Fast Company

A monthly column on Strategy

And you thought the CEO scandals were behind us! Faced with a crisis, what do these whiners do? They lie!

Just two years ago, he was the master of all he surveyed. He chaired the board meetings. He was paid in the millions. He graced the covers of magazines. He was smart, he had vision, he was tough as nails. He was a leader of the global business revolution. He was the CEO.

Now he sits alone in his office. His assistant holds all of his calls. CNBC is on television, and the news is not good. The press has turned ugly. The ingrates on the board have asked him to move up the next scheduled meeting. Regulators see him as a potential target. Politicians look at him as an issue. Investors assume that everything he says is self-serving nonsense. And the poor bastard is paralyzed. He can't believe it. He asks himself, "How can this be happening?"

The question is the answer. It's happening because it turns out that these Masters of the Universe, these magazine cover boys, have revealed themselves to be . . . simpering yuppie wimps. If adversity is the test of character, then so far, today's CEOs are failing miserably. By turns disagreeable, petulant, and self-pitying, they have as a group failed their employees, their investors, and their customers. They border on the pathetic.

Here's what real business leaders do. They go out and rally the troops, plant the flag, and make a stand. They confront hostile audiences, and they deal with the press. They go after the short sellers. If the issue is confidence, they conduct themselves confidently. If the issue is trust, they make their company's business transparent. If the issue is character, they tell the truth. They do not shirk responsibility; they assume command.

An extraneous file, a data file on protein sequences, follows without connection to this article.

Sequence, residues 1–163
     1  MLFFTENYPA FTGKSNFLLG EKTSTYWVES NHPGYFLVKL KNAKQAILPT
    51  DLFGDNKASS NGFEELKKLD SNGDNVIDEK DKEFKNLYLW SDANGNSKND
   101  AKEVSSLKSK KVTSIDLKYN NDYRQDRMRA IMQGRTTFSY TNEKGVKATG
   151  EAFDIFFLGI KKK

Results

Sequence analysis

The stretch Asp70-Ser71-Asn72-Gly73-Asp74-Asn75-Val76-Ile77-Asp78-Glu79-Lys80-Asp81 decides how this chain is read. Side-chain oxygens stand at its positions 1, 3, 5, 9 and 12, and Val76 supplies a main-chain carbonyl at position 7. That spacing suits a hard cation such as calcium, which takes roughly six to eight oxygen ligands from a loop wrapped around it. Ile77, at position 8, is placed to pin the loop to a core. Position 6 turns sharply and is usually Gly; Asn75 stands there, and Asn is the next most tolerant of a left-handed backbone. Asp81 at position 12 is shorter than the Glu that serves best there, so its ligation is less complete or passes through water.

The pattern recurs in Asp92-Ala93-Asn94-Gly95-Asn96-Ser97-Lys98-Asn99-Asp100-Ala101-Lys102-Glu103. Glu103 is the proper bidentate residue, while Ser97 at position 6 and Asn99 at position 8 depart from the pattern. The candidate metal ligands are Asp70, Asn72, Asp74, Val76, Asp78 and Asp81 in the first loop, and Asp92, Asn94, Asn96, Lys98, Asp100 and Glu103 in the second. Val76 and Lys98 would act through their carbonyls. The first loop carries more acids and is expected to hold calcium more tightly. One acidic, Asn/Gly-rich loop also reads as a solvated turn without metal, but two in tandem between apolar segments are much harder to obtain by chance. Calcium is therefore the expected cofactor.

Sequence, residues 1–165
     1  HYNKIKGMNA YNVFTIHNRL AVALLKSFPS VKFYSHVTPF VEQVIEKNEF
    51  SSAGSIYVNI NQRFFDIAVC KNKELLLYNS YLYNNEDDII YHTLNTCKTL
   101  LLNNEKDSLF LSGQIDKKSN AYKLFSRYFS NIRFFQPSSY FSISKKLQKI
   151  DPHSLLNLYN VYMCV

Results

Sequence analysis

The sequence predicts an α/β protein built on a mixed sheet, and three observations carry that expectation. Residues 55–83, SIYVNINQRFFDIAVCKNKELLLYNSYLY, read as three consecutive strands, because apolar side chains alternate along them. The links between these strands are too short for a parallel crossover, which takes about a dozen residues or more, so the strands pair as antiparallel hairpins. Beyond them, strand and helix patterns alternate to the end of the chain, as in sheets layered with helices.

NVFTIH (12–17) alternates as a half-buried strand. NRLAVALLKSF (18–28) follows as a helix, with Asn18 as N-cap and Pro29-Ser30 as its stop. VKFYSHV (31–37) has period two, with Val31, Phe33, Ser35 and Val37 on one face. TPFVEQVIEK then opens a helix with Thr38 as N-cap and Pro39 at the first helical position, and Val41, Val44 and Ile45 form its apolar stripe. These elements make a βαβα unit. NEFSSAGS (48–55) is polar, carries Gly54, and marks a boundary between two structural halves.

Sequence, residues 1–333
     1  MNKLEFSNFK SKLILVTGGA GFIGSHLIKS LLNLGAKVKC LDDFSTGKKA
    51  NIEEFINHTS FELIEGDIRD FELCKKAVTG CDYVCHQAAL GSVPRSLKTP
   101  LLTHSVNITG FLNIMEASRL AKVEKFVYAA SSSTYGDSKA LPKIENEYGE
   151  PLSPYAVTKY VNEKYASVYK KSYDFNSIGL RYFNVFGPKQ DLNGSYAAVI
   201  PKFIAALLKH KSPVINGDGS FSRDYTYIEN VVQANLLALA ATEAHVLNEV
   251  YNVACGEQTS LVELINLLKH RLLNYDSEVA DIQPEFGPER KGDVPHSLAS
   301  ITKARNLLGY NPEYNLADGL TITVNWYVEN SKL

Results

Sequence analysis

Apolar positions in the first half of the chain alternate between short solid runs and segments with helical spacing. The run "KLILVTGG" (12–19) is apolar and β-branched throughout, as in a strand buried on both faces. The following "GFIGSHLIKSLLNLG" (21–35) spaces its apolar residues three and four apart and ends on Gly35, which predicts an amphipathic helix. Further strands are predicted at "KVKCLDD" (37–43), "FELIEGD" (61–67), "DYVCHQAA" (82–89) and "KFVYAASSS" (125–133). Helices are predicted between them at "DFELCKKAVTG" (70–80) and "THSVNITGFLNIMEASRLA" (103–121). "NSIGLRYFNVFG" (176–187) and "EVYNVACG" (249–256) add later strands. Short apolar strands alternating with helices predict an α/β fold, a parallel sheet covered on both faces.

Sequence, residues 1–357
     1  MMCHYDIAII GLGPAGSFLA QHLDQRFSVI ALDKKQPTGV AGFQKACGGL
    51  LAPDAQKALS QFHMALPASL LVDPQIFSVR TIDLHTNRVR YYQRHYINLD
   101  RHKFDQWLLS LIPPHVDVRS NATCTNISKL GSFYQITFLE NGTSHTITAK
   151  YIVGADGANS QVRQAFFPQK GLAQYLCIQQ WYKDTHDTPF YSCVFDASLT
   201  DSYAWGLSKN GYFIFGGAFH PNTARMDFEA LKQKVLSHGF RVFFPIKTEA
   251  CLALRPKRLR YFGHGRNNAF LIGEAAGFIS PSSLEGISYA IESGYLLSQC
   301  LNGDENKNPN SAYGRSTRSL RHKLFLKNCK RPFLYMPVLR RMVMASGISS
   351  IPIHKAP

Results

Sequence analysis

Here's what leaders don't do. They don't blame underlings. They don't blame their predecessor. They don't complain about press coverage. They don't whine about Wall Street. They don't mindlessly cut research and development. They don't fire 4,000 people in the hope that it will bump up their company's stock for the weekend. They don't obfuscate, dissemble, or lie. They don't hide behind a retinue of handlers and lawyers and public-relations fools.

In the realm of publicly owned companies, nothing so perfectly captures the fiber of today's whimpering CEOs than the stock-buyback announcement. Stock buybacks are step one in rebuilding confidence in a publicly traded company. After a dive in the company's stock price, the CEO announces that, while everyone else is selling that stock, his company is planning to repurchase as much of the stock as it can afford. He knows the value of the enterprise. He knows all the numbers. And he is willing to bet on it. Stock buybacks are insider trading at its best - they send a clear signal that management believes that the company's prospects are bright.